Low, flat vehicle access areas allow water to easily wash through the dune line, pushing flood water and heaps of sand onto beach roads and into private yards.

Rogers said the best rule of thumb is to build vehicle access ramps at the same elevation as public accesses to the beach – no lower than 3 feet from the dunes around it.

Overall, Rogers suggested the towns look at ways to most efficiently use hurricane recovery funds.

“What you’ve got to do is convince (FEMA) you’ve got a better way to spend their money,” he said.

Town officials know the wait for any federal reimbursement for storm damage could be lengthy. They’re aware they may have to push harder to retrieve money as disaster-declared areas of Florida, where parts of the western panhandle were obliterated by Hurricane Michael earlier this month, continue its long road to recovery.

“The impacts are great, and the process is slow,” said Topsail Beach Town Manager Mike Rose.

“The impacts are great, and the process is slow.”

— Mike Rose, Topsail Beach town manager

He said that Topsail Beach is “closer” to receiving a permit for its next beach re-nourishment project, originally planned for November 2019. Town officials will discuss what options they have, including whether to try to push the project before the fall of next year.

“It at least opens up the possibility of options as we go through,” Rose said.

Both Surf City and North Topsail Beach were forced to move their town hall operations to temporary facilities after the storm.

Surf City’s town hall has been condemned and town officials are in the process of looking for a new location, said Town Manager Ashley Loftis.

Sand continues to be sifted off private properties and placed back on the beach, she said, and only a handful of beach accesses are open. Piles of debris gathered after the storm on the town’s shoreline will be removed by Nov. 9.

North Topsail’s town hall, located near the foot of the causeway that connects the island’s north end to the mainland, will cost an estimated $500,000 to upwards of $1 million in repairs, Town Manager Bryan Chadwick said.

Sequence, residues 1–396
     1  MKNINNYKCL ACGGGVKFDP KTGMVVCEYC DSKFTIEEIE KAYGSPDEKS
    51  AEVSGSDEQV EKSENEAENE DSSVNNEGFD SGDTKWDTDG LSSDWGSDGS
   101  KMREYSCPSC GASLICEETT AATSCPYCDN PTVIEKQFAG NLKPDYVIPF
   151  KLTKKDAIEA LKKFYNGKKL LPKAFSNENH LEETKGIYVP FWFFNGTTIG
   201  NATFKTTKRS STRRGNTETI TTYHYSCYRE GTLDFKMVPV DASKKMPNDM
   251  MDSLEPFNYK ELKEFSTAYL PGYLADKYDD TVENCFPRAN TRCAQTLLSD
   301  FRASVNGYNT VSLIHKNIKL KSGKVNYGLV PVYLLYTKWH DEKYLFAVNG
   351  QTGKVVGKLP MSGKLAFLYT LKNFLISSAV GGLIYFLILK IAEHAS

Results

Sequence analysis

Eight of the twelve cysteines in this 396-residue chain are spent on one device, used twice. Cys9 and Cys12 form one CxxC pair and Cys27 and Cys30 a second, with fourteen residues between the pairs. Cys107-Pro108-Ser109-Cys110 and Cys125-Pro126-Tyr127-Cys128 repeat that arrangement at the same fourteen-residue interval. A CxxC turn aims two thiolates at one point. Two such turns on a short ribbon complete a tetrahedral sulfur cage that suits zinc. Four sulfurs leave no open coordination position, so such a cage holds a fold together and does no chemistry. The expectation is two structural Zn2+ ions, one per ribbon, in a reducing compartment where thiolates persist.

More than 850 structures received minor damage from the storm and nearly 80 sustained heavy damage, he said. A debris-removal company has hauled away about 64,000 cubic yards of storm-related refuse.

The town is looking at about $15 million to $20 million in dune repairs.

North Topsail’s Mayor Dan Tuman suggested including the topic of sea walls as possible options to future beach armament.

He referred to the town’s permitted sandbag revetment, a super-sized wall of sandbags some 45 feet wide and 20 feet tall, to stave off chronic erosion at New River Inlet. The bags are permitted through 2022.

“Our dunes really took a beating,” he said. “One thing that didn’t take a beating was our sandbag revetment. It did just fine.”

About the Author

Trista Talton

Trista Talton is a native North Carolinian who, shortly after graduating from Appalachian State University in 1996, took her first newspaper job as a reporter for the Hickory Daily Record. She has since migrated to the coast, covering everything from education and local governments to law enforcement, the environment and the military, including an embed with Marines in Kuwait for the start of the Iraq war in 2003. She has been a Coastal Review Online contributing writer since 2011 focusing on coastal-related issues from Onslow to Brunswick counties. She lives with her husband and two sons in Jacksonville.